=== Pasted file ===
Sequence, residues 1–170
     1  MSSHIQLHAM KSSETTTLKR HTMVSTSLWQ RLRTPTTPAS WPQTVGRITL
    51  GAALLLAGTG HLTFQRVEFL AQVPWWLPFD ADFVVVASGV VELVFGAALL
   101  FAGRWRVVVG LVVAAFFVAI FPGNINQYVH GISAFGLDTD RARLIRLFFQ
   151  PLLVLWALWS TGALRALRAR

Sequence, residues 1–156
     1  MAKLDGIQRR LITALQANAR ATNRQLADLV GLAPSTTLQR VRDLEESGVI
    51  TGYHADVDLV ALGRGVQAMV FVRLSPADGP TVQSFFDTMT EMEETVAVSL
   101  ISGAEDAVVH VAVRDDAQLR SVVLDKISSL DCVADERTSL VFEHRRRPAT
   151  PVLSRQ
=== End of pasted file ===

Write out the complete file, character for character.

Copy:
Sequence, residues 1–170
     1  MSSHIQLHAM KSSETTTLKR HTMVSTSLWQ RLRTPTTPAS WPQTVGRITL
    51  GAALLLAGTG HLTFQRVEFL AQVPWWLPFD ADFVVVASGV VELVFGAALL
   101  FAGRWRVVVG LVVAAFFVAI FPGNINQYVH GISAFGLDTD RARLIRLFFQ
   151  PLLVLWALWS TGALRALRAR

Sequence, residues 1–156
     1  MAKLDGIQRR LITALQANAR ATNRQLADLV GLAPSTTLQR VRDLEESGVI
    51  TGYHADVDLV ALGRGVQAMV FVRLSPADGP TVQSFFDTMT EMEETVAVSL
   101  ISGAEDAVVH VAVRDDAQLR SVVLDKISSL DCVADERTSL VFEHRRRPAT
   151  PVLSRQ